What are Margin Ratios?
Margin ratios measure a company’s ability to turn its sales into profits. Standalone figures provide only a snapshot and are in some way meaningless without a benchmark. Margin ratios have applications in valuation, credit analysis, and company performance.
Key Learning Points
- Margin ratios help analyze the relationship between a company’s earnings or profits and sales
- Key profitability ratios are Gross margin, EBIT margin, EBITDA margin, and net margin
Margins present a company’s profits as a percentage of its sales and are useful for comparison to peers. Below are the most common margins:
Gross margin tells us how much profit remains after removing the direct cost of sales, COGS, but before less direct costs like sales and marketing. Typically, a company with high value add like a service company will have a high gross margin, while a trading business adds less value to the product and therefore typically has low gross margin.
Gross margin = Gross Profit / Sales
Earnings before interest and taxes (EBIT) is a figure which shows the profitability of a company from its operations after excluding non-recurring items. Excluding these items can improve comparability as well as providing a useful starting point for predicting future profitability.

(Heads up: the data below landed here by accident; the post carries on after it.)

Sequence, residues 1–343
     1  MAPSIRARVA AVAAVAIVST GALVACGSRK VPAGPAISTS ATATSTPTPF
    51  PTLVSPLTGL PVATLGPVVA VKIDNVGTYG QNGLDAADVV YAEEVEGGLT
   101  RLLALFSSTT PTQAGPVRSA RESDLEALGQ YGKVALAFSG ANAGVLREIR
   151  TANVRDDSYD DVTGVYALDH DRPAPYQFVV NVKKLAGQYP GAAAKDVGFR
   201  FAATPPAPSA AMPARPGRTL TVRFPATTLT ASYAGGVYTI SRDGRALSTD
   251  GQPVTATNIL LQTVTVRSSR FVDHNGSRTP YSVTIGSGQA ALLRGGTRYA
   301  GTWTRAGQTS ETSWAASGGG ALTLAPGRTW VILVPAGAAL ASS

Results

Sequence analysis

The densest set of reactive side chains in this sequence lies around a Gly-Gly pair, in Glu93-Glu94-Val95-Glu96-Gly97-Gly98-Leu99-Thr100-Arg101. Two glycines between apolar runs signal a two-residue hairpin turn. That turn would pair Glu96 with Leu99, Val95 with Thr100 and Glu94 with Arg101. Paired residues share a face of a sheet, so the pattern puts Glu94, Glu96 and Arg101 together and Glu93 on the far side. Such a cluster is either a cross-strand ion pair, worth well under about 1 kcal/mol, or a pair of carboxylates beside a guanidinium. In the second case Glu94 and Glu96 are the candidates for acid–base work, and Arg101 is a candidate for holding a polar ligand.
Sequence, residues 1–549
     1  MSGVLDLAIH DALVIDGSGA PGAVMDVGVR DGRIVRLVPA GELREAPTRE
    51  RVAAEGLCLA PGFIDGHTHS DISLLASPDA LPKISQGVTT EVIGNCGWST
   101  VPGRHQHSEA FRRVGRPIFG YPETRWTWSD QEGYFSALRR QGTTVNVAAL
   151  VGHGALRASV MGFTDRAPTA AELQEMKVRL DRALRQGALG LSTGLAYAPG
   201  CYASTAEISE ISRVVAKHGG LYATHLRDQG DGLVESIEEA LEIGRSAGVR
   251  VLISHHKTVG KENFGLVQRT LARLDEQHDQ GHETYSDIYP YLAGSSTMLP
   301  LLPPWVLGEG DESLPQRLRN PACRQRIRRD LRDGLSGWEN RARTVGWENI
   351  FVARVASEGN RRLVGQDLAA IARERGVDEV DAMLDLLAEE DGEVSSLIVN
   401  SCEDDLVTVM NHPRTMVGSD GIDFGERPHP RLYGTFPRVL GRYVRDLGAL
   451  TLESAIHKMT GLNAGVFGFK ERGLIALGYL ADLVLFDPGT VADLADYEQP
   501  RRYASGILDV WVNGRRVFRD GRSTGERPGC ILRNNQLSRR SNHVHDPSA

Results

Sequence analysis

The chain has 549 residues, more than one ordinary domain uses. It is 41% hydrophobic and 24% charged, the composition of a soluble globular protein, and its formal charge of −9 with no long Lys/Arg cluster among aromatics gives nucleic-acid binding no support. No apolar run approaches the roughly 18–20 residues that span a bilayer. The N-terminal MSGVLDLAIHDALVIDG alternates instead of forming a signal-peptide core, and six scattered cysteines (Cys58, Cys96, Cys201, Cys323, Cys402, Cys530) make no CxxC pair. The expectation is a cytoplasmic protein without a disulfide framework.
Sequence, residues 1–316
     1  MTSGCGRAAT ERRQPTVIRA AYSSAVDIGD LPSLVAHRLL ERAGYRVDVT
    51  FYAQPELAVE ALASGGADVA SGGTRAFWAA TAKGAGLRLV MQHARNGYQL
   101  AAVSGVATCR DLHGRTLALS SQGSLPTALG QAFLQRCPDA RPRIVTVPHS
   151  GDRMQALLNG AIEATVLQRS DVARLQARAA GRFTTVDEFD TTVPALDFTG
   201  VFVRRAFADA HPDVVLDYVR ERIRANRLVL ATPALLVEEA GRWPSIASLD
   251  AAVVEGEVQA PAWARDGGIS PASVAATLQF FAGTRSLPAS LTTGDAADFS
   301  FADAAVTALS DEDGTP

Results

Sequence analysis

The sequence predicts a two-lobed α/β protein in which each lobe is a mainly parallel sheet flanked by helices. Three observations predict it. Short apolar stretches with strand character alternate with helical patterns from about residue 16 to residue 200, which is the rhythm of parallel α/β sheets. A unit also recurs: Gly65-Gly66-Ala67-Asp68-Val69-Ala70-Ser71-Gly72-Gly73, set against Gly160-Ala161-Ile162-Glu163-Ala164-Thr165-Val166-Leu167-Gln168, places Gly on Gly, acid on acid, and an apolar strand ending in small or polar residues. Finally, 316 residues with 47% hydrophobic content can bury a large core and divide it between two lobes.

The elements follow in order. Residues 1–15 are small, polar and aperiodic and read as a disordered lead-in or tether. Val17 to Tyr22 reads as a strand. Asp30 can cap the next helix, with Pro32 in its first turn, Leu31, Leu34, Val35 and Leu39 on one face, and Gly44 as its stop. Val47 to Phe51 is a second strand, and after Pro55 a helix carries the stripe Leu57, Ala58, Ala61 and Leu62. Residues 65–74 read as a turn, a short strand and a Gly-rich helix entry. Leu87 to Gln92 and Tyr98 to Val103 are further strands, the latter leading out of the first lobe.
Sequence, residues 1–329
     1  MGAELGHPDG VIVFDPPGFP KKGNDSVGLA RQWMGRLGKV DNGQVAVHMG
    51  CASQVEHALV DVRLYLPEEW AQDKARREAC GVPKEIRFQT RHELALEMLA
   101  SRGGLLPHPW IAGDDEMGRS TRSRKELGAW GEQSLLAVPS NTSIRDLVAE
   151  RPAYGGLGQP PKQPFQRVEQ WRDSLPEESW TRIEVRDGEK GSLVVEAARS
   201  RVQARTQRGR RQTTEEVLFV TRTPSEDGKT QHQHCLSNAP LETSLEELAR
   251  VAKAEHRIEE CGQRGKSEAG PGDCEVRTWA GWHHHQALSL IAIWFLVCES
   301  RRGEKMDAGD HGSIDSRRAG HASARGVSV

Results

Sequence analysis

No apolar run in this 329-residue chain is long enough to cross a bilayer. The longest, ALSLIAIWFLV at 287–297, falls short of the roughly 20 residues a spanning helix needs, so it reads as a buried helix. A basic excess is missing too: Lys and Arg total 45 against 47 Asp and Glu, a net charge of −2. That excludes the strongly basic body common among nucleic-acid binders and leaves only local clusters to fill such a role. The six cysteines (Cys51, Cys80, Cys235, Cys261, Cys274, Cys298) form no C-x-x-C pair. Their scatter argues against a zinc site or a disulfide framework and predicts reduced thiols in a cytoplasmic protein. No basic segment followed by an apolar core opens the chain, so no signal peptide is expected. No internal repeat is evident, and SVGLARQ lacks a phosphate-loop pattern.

EBIT margin helps to understand the profits generated from a company’s core operations and ignores the effects of a company’s financing decisions and taxes.
EBIT Margin = EBIT / Sales
EBITDA margin shows the recurring operating profit before the impact of depreciation and amortization as a percentage of sales. Depreciation and amortization expenses can vary between companies depending on their accounting policies. Using EBITDA removes this effect.
EBITDA Margin = EBITDA / Sales
Net margin measures the company’s net income as a percentage of revenues. is the profit after all expenses have been deducted for the period. Net margin is calculated as:
Net margin = Net income / Sales
Net income can be affected by one-time gains or losses. For valuation purposes, an analyst will “clean” the net income and remove the impact of non-recurring items.